Manchester City have been rocked by the news that they will be banned from European competition for the next two seasons.
The Premier League champions were found by a UEFA investigation to have committed “serious breaches” of financial regulations.
According to European football’s governing body, City overstated sponsorship revenue in accounts submitted between 2012 and 2016.
As well as a two-year ban from the Champions League and Europa League – starting from next season – CIty have been fined 30million euros (£24.9million).
The decision, which the club will appeal to the Court of Arbitration for Sport (CAS), will have ramifications way beyond the Etihad Stadium.
Should City fail in their appeal and go on to finish in the Premier League’s top four, as they look certain to do, then the team which finishes fifth will instead go into the Champions League.
Sheffield United are currently sitting in fifth, meaning they would qualify for the Champions League if they remain there until the end of the season.
It also opens the door wider to teams hoping to snatch a place in Europe’s elite competition.
Tottenham are just two points behind Sheffield United in sixth, Everton a point further back while Manchester United and Wolves are four points off fifth spot with 13 games to go.
It also gives Arsenal a glimmer of hope of returning to the Champions League next season, with the Gunners sitting eight points off fifth spot as it stands.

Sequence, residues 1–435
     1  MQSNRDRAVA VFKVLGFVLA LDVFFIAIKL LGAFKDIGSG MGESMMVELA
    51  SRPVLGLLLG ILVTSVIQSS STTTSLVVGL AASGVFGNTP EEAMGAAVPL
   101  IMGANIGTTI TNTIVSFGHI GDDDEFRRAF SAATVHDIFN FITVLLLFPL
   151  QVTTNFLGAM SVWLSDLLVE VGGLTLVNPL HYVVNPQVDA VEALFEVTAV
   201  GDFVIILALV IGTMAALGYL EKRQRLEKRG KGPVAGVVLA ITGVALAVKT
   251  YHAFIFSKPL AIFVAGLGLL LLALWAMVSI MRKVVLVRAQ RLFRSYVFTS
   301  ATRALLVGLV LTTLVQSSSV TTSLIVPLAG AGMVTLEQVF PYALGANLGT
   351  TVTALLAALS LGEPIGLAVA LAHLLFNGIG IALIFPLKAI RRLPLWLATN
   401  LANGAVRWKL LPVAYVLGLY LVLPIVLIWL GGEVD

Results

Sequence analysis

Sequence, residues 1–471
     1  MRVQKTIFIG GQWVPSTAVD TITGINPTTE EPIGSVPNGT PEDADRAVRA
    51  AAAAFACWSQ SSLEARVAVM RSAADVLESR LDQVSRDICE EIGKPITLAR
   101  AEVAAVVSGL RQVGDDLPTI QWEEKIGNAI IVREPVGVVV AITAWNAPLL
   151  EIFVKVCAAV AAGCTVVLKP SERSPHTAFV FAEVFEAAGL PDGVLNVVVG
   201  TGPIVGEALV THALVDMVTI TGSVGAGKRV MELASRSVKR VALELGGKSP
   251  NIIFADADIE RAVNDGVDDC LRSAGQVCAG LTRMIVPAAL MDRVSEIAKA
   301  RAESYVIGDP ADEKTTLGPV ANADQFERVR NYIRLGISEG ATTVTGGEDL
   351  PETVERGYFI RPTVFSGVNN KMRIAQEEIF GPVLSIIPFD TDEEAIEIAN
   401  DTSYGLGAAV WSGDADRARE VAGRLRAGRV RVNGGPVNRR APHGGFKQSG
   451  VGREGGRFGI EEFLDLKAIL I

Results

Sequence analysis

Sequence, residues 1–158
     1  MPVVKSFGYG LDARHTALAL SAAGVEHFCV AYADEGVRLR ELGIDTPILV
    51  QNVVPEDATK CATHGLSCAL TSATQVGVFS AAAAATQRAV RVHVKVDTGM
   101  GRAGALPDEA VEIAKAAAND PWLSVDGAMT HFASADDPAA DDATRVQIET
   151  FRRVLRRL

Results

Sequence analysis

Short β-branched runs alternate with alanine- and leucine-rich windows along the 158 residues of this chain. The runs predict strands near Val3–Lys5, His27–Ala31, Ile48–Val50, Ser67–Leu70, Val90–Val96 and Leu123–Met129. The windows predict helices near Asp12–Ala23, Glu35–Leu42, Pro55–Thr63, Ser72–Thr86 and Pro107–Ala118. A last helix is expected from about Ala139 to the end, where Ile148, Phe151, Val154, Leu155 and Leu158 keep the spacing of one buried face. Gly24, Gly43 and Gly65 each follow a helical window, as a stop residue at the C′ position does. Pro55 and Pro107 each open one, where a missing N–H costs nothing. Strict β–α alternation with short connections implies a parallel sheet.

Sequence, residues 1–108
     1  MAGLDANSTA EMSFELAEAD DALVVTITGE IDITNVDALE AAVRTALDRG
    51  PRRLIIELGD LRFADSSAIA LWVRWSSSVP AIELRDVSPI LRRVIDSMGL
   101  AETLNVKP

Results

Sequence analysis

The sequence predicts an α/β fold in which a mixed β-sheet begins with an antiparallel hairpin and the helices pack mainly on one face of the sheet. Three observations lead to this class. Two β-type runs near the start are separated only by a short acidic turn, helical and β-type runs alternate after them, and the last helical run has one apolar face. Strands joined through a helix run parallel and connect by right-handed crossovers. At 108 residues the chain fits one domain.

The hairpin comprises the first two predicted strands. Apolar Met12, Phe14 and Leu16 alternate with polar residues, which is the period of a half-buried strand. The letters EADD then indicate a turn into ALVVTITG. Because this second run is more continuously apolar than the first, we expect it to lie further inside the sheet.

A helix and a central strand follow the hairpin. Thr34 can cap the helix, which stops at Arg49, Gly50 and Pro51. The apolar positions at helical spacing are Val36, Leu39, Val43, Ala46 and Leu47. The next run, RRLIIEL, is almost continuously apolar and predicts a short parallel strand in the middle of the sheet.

City’s ban will also have an effect on Europa League qualification.
If they win the Carabao Cup – they play Aston Villa in the final next month – and the FA Cup is won by a club which finishes in the top six, then as far as eight spot in the Premier League will be enough to earn Europa League qualification.
City, however, will fight tooth and nail to overturn the ban and will take their challenge to the Court of Arbitration for Sport (CAS).
“Manchester City is disappointed but not surprised by today’s announcement by the UEFA Adjudicatory Chamber,” read a club statement.
“The club has always anticipated the ultimate need to seek out an independent body and process to impartially consider the comprehensive body of irrefutable evidence in support of its position.
“Simply put, this is a case initiated by UEFA, prosecuted by UEFA and judged by UEFA.
“With this prejudicial process now over, the Club will pursue an impartial judgement as quickly as possible and will therefore, in the first instance, commence proceedings with the Court of Arbitration for Sport at the earliest opportunity.”